Luce Myers, a Missouri S&T art lecturer, worked with Kathleen Unrath, associate professor of art education at the University of Missouri-Columbia, and Abby Trescott, a Rock Bridge High School teacher from Columbia, Mo., to produce the Educator’s Guide.

Collaborators on the film restoration include Michael Hicks, film and video producer with the UM Extension Cooperative Media Group; Frank Fillo, co-director of the original film; Gerald “Jack” Brown, a senior in civil engineering at Missouri S&T; and Jessica Hicks, an art education student at MU.

Both the film and guide are available online at extension.missouri.edu/tombenton.

The way we were, year by year

Roger Weaver manages the digital collections at Curtis Laws Wilson Library, which now houses a digital version of every Rollamo yearbook from 1907 to today.

A slice of Missouri S&T history is now available online, thanks to the efforts of S&T’s Curtis Laws Wilson Library staff.

The library staff created a digital version of every issue of Missouri S&T’s yearbook, the Rollamo. The Rollamo yearbooks from 1907 to today are now archived together online at yearbooks.mst.edu. The year-long project required scanning and uploading roughly 7,000 pages from the 105 books.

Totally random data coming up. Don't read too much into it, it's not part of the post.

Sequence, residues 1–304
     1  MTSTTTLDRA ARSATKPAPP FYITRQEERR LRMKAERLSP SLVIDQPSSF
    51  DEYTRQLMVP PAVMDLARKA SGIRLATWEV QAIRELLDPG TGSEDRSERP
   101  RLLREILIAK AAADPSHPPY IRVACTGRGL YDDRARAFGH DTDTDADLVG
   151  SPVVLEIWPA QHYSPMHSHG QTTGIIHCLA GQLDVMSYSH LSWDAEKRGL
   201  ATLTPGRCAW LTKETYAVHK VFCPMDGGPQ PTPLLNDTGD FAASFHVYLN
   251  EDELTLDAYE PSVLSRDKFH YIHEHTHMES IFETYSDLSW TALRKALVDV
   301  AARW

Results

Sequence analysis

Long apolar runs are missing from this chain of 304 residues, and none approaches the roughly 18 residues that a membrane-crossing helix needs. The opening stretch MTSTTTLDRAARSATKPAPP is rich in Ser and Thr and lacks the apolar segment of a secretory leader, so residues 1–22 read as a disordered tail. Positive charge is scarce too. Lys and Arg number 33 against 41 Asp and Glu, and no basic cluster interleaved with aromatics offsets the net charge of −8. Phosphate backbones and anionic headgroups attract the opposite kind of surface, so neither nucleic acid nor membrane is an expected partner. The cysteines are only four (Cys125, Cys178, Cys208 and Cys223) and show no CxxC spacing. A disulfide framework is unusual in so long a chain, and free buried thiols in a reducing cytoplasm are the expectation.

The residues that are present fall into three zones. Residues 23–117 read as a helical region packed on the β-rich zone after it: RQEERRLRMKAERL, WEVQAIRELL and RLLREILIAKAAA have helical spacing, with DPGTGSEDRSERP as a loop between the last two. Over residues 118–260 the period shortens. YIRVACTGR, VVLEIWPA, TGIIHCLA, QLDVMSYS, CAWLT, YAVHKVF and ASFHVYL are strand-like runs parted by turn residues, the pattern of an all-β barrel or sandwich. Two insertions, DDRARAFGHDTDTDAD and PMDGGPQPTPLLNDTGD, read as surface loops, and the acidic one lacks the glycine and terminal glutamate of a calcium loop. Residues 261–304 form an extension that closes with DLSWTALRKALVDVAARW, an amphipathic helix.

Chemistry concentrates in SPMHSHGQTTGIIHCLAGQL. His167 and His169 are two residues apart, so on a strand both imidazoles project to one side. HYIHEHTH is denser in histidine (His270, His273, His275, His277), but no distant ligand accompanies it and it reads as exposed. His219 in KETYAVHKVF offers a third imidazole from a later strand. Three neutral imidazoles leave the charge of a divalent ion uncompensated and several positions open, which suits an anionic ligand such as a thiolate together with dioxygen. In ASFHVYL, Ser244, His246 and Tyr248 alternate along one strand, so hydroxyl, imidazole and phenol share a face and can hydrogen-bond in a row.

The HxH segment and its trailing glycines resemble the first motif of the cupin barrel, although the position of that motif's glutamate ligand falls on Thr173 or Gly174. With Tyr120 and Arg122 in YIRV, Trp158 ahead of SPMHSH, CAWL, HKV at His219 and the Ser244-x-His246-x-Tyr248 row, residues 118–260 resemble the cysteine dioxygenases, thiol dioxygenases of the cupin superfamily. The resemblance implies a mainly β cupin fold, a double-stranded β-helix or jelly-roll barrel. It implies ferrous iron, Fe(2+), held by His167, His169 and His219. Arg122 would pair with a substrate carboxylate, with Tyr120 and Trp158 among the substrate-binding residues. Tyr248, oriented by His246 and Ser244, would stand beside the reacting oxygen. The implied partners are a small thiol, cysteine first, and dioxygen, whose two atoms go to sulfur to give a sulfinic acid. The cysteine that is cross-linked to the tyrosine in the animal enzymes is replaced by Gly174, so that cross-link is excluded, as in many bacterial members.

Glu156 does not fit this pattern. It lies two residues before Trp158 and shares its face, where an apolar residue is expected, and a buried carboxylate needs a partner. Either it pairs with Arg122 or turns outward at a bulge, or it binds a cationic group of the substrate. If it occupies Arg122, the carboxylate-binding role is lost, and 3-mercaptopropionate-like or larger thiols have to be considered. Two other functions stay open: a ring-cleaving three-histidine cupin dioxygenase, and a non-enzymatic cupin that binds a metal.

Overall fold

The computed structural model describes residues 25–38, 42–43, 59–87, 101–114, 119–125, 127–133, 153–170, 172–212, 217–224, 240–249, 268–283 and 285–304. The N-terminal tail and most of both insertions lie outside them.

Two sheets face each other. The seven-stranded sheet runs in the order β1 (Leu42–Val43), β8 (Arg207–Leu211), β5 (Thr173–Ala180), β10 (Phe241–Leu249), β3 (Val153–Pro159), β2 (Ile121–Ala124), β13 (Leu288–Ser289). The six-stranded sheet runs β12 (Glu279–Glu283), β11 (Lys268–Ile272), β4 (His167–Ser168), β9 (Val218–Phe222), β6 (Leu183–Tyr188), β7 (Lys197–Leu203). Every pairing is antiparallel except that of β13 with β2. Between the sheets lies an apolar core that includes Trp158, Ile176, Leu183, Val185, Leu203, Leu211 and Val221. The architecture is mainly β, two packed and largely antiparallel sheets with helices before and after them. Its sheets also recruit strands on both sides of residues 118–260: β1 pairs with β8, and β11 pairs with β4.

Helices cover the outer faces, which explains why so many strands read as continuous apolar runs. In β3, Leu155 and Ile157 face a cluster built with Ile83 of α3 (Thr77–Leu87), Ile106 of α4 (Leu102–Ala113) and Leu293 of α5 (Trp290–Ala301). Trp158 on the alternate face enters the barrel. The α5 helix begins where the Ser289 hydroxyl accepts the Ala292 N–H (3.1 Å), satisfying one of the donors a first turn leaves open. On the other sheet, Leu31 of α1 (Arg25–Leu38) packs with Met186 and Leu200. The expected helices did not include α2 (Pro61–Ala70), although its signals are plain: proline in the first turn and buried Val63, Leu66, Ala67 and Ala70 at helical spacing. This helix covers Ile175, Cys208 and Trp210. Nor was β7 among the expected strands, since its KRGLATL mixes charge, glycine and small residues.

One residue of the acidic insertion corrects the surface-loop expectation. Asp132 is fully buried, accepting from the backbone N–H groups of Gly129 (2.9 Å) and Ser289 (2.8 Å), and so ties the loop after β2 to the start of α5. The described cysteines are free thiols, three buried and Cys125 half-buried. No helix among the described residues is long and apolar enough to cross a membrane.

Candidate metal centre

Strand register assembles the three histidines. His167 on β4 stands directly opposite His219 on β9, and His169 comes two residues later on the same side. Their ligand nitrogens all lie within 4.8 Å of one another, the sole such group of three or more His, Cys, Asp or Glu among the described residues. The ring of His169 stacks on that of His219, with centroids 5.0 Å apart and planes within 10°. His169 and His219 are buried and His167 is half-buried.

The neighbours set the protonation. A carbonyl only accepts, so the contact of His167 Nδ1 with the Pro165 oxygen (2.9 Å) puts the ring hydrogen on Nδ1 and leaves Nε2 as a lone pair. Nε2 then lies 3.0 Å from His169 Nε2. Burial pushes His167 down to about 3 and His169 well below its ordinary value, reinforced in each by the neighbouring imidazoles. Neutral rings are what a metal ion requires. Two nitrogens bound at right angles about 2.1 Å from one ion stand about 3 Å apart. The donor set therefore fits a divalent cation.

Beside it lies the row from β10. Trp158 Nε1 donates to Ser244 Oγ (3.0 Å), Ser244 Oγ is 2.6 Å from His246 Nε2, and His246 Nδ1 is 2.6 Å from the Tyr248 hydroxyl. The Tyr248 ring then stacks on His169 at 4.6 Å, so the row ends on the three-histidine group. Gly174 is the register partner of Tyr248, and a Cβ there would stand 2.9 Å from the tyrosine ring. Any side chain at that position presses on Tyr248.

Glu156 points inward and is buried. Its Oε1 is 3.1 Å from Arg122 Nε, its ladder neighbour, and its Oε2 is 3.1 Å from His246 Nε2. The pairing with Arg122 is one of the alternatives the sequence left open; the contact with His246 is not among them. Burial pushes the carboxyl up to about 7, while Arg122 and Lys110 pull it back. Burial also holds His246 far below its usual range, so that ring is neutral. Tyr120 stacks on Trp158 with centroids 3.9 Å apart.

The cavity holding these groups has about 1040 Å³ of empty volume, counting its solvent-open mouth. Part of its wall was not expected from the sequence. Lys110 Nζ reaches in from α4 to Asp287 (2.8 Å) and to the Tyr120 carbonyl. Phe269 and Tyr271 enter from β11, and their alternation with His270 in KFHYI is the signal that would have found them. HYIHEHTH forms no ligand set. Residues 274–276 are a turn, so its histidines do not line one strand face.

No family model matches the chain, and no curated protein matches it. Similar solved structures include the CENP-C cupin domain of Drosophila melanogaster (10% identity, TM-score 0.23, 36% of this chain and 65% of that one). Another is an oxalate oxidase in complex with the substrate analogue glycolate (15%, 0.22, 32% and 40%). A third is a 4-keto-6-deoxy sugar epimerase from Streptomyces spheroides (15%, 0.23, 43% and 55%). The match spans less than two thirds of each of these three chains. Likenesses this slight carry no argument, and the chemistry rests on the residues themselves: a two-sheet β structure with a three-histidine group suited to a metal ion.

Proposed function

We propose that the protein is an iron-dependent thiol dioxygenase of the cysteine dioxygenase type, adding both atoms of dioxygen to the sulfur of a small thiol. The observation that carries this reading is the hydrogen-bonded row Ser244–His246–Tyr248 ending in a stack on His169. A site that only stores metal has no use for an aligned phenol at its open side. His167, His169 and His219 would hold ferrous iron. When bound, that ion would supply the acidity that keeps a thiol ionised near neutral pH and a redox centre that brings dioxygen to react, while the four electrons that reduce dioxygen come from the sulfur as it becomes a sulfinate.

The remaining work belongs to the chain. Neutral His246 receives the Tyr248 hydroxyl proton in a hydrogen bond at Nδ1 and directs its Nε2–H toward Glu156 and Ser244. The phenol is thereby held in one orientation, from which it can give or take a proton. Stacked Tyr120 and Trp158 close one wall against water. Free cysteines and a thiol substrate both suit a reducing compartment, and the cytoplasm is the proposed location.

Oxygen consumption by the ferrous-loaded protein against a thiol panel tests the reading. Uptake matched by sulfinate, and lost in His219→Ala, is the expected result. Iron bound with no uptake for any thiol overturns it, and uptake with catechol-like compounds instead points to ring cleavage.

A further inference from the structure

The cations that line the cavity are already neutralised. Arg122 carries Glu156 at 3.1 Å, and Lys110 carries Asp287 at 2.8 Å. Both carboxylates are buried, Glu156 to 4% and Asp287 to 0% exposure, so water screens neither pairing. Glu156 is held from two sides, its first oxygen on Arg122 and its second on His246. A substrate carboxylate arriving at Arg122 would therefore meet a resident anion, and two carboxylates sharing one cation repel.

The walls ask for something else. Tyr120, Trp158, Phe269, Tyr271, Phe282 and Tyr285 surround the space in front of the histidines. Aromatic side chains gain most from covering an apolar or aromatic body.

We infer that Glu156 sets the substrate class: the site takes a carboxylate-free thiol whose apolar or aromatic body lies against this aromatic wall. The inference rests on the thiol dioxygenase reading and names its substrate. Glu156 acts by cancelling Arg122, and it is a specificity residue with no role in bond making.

The digital archives allows users to search through all editions, bookmark, share and download individual pages, says Roger Weaver, the institutional repository and digital collections librarian at S&T.

“One of the primary purposes of an academic library is to collect, preserve and provide access to materials of cultural significance to the campus,” Weaver says. “I can think of no better example of culturally significant material than the Rollamo, our campus yearbook.”

Weaver says they plan to remove physical access to many of the decaying, older yearbooks so they can take steps to preserve them. That’s something they would like to do for other older artifacts, such as the Missouri Miner, the S&T
student newspaper.

In print

Ben Bayse, professor emeritus of mechanical engineering, published an autobiography titled Lightening Ben: I Flew with Eagles.